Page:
"choice": "Swift",
                        "url": "/questions/1/choices/1",
                        "votes": 2048
                    }, {
                        "choice": "Python",
                        "url": "/questions/1/choices/2",
                        "votes": 1024
                    }, {
                        "choice": "Objective-C",
                        "url": "/questions/1/choices/3",
                        "votes": 512
                    }, {
                        "choice": "Ruby",
                        "url": "/questions/1/choices/4",
                        "votes": 256
                    }
                ]
            }
        ]

Note: Specifying the media type after the response status code generates a Content-Type HTTP header. You do not have to explicitly specify the Content-Type header.

The polls resource has a second action which allows you to create a new question. This action includes a description showing the structure you would send to the server to perform this action.

### Create a New Question [POST]

You may create your own question using this action. It takes a JSON object
containing a question and a collection of answers in the form of choices.

+ question (string) - The question
+ choices (array[string]) - A collection of choices.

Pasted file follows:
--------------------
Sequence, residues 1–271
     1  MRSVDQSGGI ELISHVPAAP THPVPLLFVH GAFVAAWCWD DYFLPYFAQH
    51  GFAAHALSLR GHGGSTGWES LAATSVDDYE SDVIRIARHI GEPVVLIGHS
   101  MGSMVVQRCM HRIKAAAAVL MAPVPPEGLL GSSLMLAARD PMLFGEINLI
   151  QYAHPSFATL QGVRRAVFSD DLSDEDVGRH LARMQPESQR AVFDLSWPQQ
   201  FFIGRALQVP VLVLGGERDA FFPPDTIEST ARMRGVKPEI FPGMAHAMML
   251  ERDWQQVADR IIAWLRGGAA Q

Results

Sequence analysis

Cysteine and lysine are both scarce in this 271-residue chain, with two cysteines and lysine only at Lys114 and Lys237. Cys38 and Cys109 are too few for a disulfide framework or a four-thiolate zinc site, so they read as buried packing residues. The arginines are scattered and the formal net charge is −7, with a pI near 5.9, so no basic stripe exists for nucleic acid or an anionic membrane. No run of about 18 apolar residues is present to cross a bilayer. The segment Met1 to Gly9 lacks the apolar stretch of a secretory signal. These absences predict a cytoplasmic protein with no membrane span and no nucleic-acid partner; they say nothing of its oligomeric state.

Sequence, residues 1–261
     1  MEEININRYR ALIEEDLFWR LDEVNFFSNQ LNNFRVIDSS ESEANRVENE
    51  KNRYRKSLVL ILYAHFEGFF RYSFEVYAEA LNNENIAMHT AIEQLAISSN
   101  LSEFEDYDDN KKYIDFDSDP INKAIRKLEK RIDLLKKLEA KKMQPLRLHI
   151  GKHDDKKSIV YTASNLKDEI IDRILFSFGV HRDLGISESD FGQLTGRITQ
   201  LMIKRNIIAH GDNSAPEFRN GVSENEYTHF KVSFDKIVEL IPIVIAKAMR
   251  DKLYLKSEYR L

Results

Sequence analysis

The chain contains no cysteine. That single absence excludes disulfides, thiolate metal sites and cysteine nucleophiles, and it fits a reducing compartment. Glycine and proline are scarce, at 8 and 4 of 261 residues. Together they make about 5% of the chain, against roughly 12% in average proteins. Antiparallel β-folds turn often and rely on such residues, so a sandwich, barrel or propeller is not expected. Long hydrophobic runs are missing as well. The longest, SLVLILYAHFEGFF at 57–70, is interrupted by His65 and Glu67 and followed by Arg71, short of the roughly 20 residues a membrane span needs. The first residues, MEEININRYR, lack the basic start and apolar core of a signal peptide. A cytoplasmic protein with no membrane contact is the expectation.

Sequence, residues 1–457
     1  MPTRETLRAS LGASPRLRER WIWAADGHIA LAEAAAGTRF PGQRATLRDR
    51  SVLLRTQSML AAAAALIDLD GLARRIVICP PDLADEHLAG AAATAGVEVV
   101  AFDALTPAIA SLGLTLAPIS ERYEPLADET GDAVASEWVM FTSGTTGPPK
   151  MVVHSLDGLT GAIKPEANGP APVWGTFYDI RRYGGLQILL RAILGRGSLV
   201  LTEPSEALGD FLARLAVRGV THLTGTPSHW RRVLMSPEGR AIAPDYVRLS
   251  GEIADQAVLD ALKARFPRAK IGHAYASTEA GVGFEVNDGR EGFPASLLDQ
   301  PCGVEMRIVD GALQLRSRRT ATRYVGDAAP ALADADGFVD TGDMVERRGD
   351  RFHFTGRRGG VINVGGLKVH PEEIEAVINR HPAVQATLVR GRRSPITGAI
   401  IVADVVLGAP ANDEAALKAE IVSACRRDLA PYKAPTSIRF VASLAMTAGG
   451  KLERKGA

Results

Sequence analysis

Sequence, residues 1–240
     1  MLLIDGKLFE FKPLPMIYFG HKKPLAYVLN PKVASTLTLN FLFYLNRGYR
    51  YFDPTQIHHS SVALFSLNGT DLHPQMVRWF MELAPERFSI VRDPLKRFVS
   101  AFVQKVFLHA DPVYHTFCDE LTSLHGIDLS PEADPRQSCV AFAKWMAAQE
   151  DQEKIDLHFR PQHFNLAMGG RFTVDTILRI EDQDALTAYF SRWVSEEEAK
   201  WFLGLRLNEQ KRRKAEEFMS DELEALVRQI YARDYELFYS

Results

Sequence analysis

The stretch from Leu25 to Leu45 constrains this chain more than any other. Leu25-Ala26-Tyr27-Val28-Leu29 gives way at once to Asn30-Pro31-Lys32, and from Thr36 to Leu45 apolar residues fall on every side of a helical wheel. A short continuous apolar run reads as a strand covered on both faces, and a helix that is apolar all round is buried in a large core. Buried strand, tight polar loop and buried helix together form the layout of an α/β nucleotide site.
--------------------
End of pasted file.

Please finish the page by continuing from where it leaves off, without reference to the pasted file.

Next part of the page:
This action takes a JSON payload as part of the request as follows:

+ Request (application/json)

            {
                "question": "Favourite programming language?",
                "choices": [
                    "Swift",
                    "Python",
                    "Objective-C",
                    "Ruby"
                ]
            }

This example returns a 201 status code, along with HTTP headers and a body.

+ Response 201 (application/json)

    + Headers

            Location: /questions/1

    + Body

                {
                    "question": "Favourite programming language?",
                    "published_at": "2014-11-11T08:40:51.620Z",
                    "url": "/questions/1",
                    "choices": [
                        {
                            "choice": "Swift",
                            "url": "/questions/1/choices/1",
                            "votes": 0
                        }, {
                            "choice": "Python",
                            "url": "/questions/1/choices/2",
                            "votes": 0
                        }, {
                            "choice": "Objective-C",
                            "url": "/questions/1/choices/3",
                            "votes": 0
                        }, {